The seven workers head into the breakroom where the Circle of Death stands still and unlit.

“How do you propose we go about breaking in?” Martin asks Reynolds.

“Brute force,” Reynolds says. “I could take a hammer and break each individual window.”

“I have a better idea,” Adams says.

“Okay, hot shot. What’s your plan?”

“Well, my friends and I use to have this tubular lock pick you can get at hardware stores. The picks have seven, eight and ten pick variations. We’d stick them into the lock and pop! The machine would open.”

“And then you’d steal the money.”

“No, we never stole the money out of the machines. That would be a crime.”

“Then why did you break into them?”

“Just to see if we could do it. But it will only work if the machine has a tubular lock.”

“So, you have these picks in your desk drawer then?”

“No, they’re back at my apartment.”

“Great,” Martin says. “Thanks for that. Reynolds, get the hammer.”

“No, wait. There’s another way. You can pop the lock using a pen instead. Provided it’s the right size to fit the lock. I think this is an old enough machine we can pop the lock.”

“Everyone head to your desks and bring this man back your pens,” Martin says.

“Guess you’re not the sharpest crayon in the box after all are you, Reynolds,” Sloan snarks.

Reynolds scoffs as he watches everyone except Adams leave the breakroom. “I’m a janitor,” he tells Adams. “I don’t have any pens.”

“That’s a brilliant idea Adams has,” Tiffany says to Sloan as they head to their desks.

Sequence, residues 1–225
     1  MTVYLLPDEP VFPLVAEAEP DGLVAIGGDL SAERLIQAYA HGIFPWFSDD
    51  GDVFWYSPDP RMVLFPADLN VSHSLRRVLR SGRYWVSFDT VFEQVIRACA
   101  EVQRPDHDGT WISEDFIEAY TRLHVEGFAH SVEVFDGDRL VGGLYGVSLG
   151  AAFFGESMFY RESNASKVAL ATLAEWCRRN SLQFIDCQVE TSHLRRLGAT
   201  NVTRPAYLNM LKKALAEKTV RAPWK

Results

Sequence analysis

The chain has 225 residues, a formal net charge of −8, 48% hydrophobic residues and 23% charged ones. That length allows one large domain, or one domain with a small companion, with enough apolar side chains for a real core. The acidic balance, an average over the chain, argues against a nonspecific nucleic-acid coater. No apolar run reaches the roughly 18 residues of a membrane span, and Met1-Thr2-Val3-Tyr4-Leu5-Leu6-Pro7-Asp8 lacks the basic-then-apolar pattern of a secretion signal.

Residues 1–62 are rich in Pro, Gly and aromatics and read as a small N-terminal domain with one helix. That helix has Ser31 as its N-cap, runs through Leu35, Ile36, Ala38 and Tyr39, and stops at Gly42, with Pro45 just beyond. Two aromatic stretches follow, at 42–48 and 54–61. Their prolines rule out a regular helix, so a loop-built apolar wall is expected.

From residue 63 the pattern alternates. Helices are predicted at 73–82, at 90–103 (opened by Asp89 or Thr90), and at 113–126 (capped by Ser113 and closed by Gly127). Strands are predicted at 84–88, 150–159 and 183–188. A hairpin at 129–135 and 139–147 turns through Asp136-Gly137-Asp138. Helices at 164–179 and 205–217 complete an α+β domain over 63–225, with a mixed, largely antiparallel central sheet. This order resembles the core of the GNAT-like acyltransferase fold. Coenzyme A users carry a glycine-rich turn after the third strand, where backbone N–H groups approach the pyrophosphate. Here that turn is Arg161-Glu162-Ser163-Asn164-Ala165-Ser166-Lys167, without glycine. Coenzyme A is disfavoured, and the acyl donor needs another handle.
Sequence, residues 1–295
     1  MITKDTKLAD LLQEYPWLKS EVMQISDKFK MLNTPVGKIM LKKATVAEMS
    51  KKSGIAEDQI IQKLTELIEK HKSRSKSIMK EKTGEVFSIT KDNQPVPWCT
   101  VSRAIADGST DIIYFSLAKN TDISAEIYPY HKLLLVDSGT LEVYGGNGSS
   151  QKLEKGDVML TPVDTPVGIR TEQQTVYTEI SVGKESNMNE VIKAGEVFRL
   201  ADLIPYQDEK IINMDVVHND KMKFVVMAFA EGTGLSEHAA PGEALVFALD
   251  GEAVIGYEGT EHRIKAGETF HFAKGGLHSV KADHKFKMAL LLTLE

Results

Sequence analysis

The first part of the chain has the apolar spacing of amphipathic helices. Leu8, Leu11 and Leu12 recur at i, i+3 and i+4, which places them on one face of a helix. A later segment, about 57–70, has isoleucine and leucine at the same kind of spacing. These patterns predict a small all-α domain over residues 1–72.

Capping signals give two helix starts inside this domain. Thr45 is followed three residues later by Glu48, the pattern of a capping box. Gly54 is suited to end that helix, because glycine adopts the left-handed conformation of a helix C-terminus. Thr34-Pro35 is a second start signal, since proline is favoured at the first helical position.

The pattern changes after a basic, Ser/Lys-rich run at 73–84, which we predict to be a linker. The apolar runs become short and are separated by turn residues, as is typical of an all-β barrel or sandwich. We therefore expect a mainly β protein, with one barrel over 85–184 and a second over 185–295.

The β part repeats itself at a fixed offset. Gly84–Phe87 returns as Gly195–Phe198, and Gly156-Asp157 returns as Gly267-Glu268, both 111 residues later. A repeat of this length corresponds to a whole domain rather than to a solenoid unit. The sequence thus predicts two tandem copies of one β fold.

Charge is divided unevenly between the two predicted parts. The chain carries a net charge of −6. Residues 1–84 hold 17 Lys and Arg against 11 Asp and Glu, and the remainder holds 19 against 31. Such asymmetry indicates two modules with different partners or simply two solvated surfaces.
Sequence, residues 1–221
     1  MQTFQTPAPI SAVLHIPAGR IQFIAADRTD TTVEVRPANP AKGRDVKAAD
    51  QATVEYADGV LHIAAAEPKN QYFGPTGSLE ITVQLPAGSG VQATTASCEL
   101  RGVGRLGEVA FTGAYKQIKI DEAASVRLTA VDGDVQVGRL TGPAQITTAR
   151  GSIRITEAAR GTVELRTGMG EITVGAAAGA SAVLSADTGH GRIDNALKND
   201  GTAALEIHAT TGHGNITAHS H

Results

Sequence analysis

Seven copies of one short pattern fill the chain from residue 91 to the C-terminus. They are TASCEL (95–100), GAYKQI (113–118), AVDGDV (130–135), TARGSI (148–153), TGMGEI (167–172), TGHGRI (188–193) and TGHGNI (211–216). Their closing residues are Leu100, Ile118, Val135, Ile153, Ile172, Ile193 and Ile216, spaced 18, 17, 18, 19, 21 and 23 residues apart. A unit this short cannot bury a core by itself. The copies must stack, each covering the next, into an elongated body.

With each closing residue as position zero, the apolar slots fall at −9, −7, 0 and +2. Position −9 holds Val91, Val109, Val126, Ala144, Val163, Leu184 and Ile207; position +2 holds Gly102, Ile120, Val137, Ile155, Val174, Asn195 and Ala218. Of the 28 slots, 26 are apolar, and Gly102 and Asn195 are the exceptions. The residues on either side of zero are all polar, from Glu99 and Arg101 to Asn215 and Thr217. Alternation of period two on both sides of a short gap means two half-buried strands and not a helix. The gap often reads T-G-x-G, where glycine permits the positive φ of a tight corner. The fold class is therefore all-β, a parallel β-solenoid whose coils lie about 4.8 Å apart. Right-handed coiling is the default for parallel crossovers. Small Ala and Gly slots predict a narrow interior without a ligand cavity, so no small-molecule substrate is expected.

Sloan scoffs and says, “It’s just some old college trick he and his nerd buddies came up with because they couldn’t get dates.”

“I think Adams is cute enough to get dates.”

“Cute? You think that dweeb is cute? He’s a creepy troll who crawls under desks.”

“At least he doesn’t stalk me.”

“Now, look,” Sloan says stopping. “This whole thing that weird janitor was talking about is totally overblown.”

“How far do you follow me out every night?”

“We both head in the same direction to the bus tunnel and catch our rides.”

“I’ve seen you on my bus.”

“On your bus?”

“Windy said you live on the Eastside. Why would you get on my bus which never goes to the Eastside if you live on the Eastside?”

“I…we need to find those pens,” Sloan says then scurries over to his desk.

Crystal rifles through the pens in her large coffee mug. The mug is robin’s egg blue with bright pink flamingos all over it. Despite its appealing appearance it looks out of place in the dreary business building.

Crystal has several types of pens for her work. She’s especially fond of worker pens from Germany that flow smoothly when she writes. But she keeps a stash of ordinary Bic ballpoint pens. She’s certain the type of pen Adams needs to open the lock is not a high-tech one. Grabbing her writing instruments, she hurries back to the breakroom.

Windy enters the breakroom with a bouquet of pens in a kaleidoscope of colors. Mr. Peak who rarely uses pens these days and instead tasks Tiffany with typing texts and emails knows he cannot come back emptyhanded. He opens the top drawer of his desk, scans what he has and grabs a couple stray pens before heading to the break room.

“Alright,” Adams says after everyone returns. “Let’s see what we’ve got. Everyone put your pens on the table here.”

All the employees lay out their pen collections on the breakroom table. Adams starts rummaging through them.

“If you know how to open a vending machine with a pen,” Crystal says, “don’t you keep the perfect sized pen in your own desk drawer?”